Pacers are allowed for the second half of this race and Brad had already selected the soul-crushing climb back over Hope Pass from 50-60 miles to pace. Now that we were all gathered I organized the other pacers for the remaining 40 miles – Kristoffer, Tara, myself, Erin, and Michelle. Since I hadn’t really run in nearly 2 months since severely spraining my ankle I was hoping to get off with a small segment to pace. Due to the way schedules shook out, I ended up with the 10 mile leg between Outward Bound and May Queen aid stations that would involve a 2,000 foot climb up Powerline to Sugarloaf Pass. At least coming 3/4ths of the way into the race I figured Chris wouldn’t be moving too fast.

Brad, Tara and I quickly left Twin Lakes to drive around to Winfield not realizing what a traffic mess the roads around Winfield would be. With 2.5 miles still to drive to the aid station it was looking like we’d never get there in time to meet and pace Chris. So Brad and I loaded up a couple backpacks with food (including tortellini this time), clothes and water, plus Brad’s own gear to pace, and set out on a forced march up the dirt road. Tara eventually parked the car off the road and hiked in to join us as well. Chris came in looking a little worn out but Brad’s company soon brought him around and he passed many people going up Hope Pass on the return trip and threatened to outrun Brad. Tara and I scored a ride back down the 2.5 miles of road to our car then drove around to Twin Lakes, ate a bit of dinner and were soon surprised by an early arrival of Chris and a worn out Brad. Kristoffer took over pacing for the next 12 miles and the rest of us scattered to Pipeline or other more comfortable places to nap through the night.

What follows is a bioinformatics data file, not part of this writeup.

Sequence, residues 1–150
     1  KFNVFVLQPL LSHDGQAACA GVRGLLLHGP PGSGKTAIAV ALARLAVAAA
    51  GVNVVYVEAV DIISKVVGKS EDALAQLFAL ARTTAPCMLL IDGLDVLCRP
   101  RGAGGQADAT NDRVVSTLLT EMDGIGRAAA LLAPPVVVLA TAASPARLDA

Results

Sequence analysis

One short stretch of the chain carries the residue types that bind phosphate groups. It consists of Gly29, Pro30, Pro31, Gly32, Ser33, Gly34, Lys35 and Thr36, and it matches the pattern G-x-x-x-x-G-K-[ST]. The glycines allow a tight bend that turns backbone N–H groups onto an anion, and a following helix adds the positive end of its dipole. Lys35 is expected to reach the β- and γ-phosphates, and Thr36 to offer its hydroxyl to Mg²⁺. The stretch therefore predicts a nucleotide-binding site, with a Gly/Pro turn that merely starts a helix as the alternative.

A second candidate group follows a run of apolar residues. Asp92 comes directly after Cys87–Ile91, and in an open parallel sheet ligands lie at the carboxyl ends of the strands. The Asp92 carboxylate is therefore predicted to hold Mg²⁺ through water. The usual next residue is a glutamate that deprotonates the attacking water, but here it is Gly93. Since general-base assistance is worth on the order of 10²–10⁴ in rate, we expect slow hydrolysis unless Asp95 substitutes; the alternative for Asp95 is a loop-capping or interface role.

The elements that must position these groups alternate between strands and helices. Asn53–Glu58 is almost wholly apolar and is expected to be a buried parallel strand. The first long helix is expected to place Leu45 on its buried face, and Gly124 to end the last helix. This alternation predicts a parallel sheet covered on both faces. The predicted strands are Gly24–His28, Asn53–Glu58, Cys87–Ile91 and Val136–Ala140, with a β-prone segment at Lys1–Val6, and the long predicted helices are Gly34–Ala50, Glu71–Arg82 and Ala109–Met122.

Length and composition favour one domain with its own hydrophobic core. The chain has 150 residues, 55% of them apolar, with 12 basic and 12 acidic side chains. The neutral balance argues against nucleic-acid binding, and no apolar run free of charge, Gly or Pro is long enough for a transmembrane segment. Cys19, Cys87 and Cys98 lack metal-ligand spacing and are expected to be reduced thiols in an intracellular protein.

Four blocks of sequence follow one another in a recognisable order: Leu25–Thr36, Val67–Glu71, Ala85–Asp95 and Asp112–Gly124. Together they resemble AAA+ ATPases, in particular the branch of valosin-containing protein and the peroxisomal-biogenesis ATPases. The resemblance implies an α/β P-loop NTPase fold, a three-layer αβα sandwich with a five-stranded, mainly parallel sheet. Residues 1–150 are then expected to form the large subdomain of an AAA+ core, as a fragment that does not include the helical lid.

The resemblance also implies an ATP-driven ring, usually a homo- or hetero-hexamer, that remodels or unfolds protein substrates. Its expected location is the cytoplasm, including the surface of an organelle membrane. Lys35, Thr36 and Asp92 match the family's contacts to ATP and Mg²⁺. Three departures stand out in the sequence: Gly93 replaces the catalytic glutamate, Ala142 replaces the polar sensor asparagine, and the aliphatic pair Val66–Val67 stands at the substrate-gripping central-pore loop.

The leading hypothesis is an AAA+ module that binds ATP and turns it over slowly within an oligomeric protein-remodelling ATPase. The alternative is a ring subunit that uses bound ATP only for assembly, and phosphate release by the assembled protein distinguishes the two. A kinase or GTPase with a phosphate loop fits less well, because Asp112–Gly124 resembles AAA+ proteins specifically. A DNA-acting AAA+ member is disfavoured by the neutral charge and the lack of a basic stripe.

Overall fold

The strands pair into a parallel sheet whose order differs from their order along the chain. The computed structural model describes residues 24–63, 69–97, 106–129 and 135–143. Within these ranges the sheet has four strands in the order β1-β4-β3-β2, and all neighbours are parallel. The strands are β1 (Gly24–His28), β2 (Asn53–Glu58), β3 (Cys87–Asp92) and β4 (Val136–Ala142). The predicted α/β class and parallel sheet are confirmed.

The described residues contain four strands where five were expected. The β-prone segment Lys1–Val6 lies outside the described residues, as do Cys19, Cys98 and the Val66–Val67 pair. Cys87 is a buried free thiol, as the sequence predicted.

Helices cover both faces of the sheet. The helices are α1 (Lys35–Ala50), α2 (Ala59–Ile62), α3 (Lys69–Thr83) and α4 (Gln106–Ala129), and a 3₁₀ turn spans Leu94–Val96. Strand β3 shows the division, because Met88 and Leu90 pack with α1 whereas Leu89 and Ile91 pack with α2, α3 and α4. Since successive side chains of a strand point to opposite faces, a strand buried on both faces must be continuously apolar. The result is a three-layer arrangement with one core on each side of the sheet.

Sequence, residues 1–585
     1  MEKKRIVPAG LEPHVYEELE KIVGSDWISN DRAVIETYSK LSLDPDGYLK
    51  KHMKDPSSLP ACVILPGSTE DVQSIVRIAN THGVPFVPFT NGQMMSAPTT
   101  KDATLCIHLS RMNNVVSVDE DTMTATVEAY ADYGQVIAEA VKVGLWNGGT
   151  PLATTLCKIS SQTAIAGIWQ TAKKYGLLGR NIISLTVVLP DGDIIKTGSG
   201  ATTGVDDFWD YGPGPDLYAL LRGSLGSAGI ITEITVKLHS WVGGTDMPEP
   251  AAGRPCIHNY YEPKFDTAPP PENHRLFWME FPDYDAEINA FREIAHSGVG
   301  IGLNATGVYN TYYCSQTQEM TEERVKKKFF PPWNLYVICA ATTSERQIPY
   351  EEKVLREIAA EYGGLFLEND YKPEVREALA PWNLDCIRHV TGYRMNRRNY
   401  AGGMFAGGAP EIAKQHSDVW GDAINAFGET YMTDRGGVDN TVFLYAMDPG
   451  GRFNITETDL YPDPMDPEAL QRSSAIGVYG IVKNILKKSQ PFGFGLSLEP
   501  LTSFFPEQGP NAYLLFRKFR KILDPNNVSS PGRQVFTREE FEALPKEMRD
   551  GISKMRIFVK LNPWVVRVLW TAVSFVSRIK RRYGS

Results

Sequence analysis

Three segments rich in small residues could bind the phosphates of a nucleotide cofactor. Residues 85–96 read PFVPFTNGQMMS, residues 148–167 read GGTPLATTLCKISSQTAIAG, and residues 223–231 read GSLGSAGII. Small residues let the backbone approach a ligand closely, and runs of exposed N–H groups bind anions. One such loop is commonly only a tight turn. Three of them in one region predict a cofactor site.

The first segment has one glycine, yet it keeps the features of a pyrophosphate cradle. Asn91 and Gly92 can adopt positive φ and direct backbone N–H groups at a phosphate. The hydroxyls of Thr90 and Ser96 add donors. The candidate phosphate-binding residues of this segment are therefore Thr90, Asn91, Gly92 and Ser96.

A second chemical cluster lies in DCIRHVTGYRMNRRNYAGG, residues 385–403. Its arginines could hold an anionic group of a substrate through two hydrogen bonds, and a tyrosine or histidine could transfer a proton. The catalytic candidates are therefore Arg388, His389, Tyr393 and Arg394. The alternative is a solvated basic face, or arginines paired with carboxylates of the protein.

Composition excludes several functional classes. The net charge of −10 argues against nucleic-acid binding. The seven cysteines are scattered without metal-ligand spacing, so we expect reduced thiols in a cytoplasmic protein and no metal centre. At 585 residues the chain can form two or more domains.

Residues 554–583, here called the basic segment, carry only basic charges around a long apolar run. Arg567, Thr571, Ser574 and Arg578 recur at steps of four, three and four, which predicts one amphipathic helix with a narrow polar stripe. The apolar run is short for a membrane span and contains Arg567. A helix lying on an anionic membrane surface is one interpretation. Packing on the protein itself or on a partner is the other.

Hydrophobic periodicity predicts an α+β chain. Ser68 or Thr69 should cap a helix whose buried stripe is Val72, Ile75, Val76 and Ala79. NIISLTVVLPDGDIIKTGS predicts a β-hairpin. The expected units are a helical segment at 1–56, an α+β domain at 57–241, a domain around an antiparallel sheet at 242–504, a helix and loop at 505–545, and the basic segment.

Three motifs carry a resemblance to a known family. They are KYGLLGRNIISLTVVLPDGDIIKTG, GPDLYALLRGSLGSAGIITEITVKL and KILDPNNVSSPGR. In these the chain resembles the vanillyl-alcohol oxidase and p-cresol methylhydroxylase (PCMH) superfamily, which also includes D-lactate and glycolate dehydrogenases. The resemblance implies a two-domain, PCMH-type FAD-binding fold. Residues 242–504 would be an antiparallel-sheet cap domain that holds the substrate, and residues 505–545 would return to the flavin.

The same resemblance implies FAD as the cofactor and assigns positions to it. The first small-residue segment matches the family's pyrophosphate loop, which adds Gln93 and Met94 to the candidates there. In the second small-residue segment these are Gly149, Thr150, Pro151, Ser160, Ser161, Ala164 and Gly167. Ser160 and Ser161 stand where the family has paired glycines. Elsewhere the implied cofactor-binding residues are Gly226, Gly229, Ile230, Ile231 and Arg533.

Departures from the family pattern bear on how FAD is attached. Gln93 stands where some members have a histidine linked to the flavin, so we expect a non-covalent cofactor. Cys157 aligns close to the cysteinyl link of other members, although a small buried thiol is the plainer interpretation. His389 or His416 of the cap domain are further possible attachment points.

At Pipeline I concentrated on eating and staying hydrated knowing my pacing leg was coming up and tried to catch a little sleep in the field as runners came through to meet their crews. Chris arrived feeling sluggish (the downhills were hurting him by now) and dehydrated. Tara had the next 3.5 miles to pace and force liquids on him while I drove ahead to Outward Bound and got ready to “run”.

Tara had done her job well and Chris had consumed 20 oz or so of water in the hour jog and hike to Outward Bound. There we put him in a chair with his legs up, got him to drink some broth and eat a bit of real food while he started to come around a bit more. In fact, by the time we left the aid station he was fairly chatty and I was able to keep up a conversation on ultras and other adventures as we motored up the steep and sandy Powerline trail to Sugarloaf Pass. Chris was able to eat and drink through this segment and even run some of the flats and gentle downhills on the way into May Queen. There Erin took over pacing and Tara and I fought to get out of the mess of a parking situation and tired crew members. We barely located and reached the Tabor boat ramp by the time Chris hiked the 6 miles there to give him his last opportunity to switch layers and access his gear. Michelle took him the final 6 miles into town for a ~28.5 hour 100 miler. As much as Tara and I would have loved to be there at the finish, we were simply too exhausted after pacing all night and found an empty gravel parking lot to throw some sleeping bags down and sleep for 3 hours as dawn arrived.

Chris’s performance was inspiring and motivating – I’d be lying if there wasn’t an ember in me now burning to train for another ultra next year.